cv-05642 C.D. Cal. (April 3, 2017)
Marcus Gray, Chike Ojukwu, Emanuel Lambert
Comment by Charles Cronin
According to Lauren Berg’s report for Law 360, on the jury trial held in Los Angeles late July 2019, Todd Decker, the plaintiff’s expert witness, claimed that in determining musical similarity between two works, “[t]he most important tool is listening.” His statement is utterly wrong. Copyright academic and musician, Jamie Lund, has established through empirical study that most people find musical works to be similar based not on shared primary musical elements like melody, harmony, and rhythm, but rather on secondary or sonic elements like volume, timbre, instrumentation, and style. Such elements, even combined in a distinctive manner, do not constitute protectable musical expression.
There is nothing original or protectable about the musical expression at issue: a few rhythmically monotonous scalar descending notes, repeated ad nauseam. Accordingly, Decker focuses on alleged similarity of sounds. According to Berg:
“The phrases also have a similar timbre — or distinctive quality of sound — using synthesized sounds to create a “pingy,” artificial sound in the beat, Decker explained… Even the texture of the sound in the phrases, such as the number of instruments being used, is unusually “empty,” Decker said, with both introducing their beats in isolation (my emphasis). Copyright protects sounds — when they comprise an independently protectable sound recording of a musical work, whether protected or in the public domain.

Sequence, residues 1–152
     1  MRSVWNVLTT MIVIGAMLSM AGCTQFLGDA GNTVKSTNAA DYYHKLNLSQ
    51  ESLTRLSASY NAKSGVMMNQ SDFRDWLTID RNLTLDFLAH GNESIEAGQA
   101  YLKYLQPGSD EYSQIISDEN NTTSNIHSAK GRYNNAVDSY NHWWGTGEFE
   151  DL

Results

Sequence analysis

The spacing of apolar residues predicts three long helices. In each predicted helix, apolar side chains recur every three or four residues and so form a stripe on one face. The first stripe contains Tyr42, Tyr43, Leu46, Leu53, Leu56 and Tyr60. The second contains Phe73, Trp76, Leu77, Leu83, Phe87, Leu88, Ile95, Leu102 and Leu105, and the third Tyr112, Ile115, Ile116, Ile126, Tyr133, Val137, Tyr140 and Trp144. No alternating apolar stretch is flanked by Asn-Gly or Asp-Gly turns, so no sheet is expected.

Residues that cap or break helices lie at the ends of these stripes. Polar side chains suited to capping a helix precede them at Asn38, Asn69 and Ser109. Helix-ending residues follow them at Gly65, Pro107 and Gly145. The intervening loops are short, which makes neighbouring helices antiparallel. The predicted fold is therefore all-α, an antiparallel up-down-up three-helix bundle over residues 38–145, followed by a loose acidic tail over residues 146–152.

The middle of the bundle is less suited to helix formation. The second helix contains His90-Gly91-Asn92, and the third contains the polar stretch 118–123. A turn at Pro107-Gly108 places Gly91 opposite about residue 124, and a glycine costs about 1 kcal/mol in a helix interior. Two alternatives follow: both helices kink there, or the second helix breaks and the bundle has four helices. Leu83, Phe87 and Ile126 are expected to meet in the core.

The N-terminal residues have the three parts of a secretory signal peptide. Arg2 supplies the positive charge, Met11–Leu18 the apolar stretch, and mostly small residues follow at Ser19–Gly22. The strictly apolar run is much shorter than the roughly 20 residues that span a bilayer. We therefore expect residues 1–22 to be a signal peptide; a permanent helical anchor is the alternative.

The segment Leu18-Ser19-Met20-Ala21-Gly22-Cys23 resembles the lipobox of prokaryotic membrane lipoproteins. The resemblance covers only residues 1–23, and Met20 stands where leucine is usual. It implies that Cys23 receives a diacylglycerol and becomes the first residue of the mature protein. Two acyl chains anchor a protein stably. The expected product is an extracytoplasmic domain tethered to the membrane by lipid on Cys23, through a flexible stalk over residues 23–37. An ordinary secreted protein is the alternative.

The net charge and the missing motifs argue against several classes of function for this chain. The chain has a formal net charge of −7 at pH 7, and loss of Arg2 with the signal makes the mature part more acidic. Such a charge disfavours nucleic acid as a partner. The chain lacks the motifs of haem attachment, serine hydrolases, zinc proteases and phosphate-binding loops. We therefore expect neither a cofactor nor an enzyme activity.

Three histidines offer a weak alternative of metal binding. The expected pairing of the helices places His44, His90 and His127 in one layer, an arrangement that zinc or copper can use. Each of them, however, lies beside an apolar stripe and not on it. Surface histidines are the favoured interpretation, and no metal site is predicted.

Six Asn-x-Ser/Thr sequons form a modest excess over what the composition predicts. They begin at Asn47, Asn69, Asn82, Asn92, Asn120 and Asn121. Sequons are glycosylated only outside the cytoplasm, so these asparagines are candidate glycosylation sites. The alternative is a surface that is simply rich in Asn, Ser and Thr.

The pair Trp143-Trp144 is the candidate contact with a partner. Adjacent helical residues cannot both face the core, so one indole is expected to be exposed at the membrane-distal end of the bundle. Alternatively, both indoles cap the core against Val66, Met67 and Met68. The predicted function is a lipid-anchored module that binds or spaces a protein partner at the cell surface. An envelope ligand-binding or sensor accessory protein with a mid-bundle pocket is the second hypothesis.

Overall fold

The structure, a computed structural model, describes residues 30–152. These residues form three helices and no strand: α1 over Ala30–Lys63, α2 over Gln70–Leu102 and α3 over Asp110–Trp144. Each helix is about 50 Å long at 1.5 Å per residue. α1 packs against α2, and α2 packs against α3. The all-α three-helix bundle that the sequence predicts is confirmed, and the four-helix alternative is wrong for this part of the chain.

Until judges recognize and curb this perfidious — or perhaps merely witless — conflating of sound and music by “expert” musicologists playing to the sympathies of bewildered jurors, we can expect a continuing blitz of meritless claims like this one, and the deleterious constraints and ambiguities they impose on popular musicians and the American music industry.
This dispute also raises the question of the significance of access in determining copyright infringement. Of course the defendants had access to the plaintiffs’ song. Today the recordings of even the most obscure performers are universally available on the Internet. Now that everyone has access to everything, access should no longer have any relevance for evaluating infringement claims involving popular music.
Finally, what to make of the plaintiffs’ claim that Perry’s song “tarnished” the devoutly religious message of theirs, with its “witchcraft, paganism, black magic, and illuminati imagery.” Presumably they’re referring not to the music or words of Perry’s song, which are entirely innocuous, but rather to the hodgepodge of pseudo-Egyptian settings, props, costumes, and horseplay deployed in the video recording of Perry’s performance – readily available without charge on the Internet…
The 2017 Opinion (below) by Judge Snyder of the District Court, Central District of California, was issued in connection with an imaginative move by Perry’s lawyers to have the court establish that Perry’s live performances of “Dark Horse” could not have infringed “Joyful Noise” because the blanket ASCAP performance license for these performances included “Joyful Noise”.
On July 29, 2019 a jury in Los Angeles found Perry, et al. liable for infringement. One can only hope on appeal “Dark Horse” Perry stifles whatever “Joyful Noise” this verdict may have elicited from the Plaintiffs.